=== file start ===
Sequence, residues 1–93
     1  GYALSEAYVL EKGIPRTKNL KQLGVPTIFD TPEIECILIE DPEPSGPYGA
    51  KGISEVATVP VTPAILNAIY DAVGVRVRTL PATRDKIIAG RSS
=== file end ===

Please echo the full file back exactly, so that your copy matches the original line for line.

Sequence, residues 1–93
     1  GYALSEAYVL EKGIPRTKNL KQLGVPTIFD TPEIECILIE DPEPSGPYGA
    51  KGISEVATVP VTPAILNAIY DAVGVRVRTL PATRDKIIAG RSS